Unsupervised induction and filling of semantic slots for spoken dialogue systems using frame-semantic parsing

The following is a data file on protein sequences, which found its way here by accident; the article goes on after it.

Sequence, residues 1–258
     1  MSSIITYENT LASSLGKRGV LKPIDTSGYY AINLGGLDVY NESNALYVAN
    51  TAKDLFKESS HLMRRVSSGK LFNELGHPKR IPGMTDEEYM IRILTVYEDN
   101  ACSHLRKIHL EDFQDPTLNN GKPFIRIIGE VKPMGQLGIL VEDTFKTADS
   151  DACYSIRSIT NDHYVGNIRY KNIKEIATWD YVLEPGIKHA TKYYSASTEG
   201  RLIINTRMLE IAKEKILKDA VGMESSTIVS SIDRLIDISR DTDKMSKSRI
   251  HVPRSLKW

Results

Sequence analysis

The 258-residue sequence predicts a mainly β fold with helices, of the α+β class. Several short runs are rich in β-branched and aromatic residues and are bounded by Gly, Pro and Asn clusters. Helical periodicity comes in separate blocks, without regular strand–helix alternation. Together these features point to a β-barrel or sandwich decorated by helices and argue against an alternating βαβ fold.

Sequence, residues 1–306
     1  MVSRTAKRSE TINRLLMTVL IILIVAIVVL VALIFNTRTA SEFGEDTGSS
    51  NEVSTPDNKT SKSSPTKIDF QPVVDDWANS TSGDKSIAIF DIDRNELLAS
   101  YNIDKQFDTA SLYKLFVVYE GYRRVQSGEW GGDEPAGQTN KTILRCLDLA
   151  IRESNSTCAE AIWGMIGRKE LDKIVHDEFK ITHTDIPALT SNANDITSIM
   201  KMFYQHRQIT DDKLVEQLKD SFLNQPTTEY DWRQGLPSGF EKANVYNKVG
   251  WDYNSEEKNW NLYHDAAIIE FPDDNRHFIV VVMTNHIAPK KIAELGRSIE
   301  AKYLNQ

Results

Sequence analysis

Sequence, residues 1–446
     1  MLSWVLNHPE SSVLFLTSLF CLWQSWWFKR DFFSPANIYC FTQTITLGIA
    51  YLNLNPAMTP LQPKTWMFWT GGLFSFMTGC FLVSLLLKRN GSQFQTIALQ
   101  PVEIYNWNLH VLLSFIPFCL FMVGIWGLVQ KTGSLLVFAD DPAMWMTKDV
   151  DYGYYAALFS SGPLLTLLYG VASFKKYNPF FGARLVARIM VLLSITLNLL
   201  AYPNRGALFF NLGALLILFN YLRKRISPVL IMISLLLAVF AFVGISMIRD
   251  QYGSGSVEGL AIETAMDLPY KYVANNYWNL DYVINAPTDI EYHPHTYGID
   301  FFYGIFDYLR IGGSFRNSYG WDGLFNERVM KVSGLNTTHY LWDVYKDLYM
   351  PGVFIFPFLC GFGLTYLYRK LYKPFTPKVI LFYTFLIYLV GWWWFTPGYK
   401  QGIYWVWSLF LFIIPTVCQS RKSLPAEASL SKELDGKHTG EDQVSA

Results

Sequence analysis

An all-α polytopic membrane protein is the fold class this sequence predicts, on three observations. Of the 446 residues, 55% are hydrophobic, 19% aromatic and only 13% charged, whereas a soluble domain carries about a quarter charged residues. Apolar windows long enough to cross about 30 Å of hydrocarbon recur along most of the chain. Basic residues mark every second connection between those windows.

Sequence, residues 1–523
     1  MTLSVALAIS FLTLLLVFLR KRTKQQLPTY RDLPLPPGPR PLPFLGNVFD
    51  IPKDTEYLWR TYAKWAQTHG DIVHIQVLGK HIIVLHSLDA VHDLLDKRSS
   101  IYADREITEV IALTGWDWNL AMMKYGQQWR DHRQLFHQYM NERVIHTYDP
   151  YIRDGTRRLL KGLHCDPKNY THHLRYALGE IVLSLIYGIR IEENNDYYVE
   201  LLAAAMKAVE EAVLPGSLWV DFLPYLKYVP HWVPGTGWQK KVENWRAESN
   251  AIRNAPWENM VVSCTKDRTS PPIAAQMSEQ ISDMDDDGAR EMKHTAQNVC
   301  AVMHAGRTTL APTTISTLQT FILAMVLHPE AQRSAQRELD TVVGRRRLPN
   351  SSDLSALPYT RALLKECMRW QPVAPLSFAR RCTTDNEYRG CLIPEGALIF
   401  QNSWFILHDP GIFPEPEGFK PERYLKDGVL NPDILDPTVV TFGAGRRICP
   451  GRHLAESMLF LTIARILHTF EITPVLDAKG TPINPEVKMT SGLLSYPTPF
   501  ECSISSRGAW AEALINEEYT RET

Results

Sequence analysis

Spoken dialogue systems typically use predefined semantic slots to parse users' natural language inputs into unified semantic representations. To define the slots, domain experts and professional annotators are often involved, and the cost can be expensive. In this paper, we ask the following question: given a collection of unlabeled raw audios, can we use the frame semantics theory to automatically induce and fill the semantic slots in an unsupervised fashion? To do this, we propose the use of a state-of-the-art frame-semantic parser, and a spectral clustering based slot ranking model that adapts the generic output of the parser to the target semantic space. Empirical experiments on a real-world spoken dialogue dataset show that the automatically induced semantic slots are in line with the reference slots created by domain experts: we observe a mean averaged precision of 69.36% using ASR-transcribed data. Our slot filling evaluations also indicate the promising future of this proposed approach.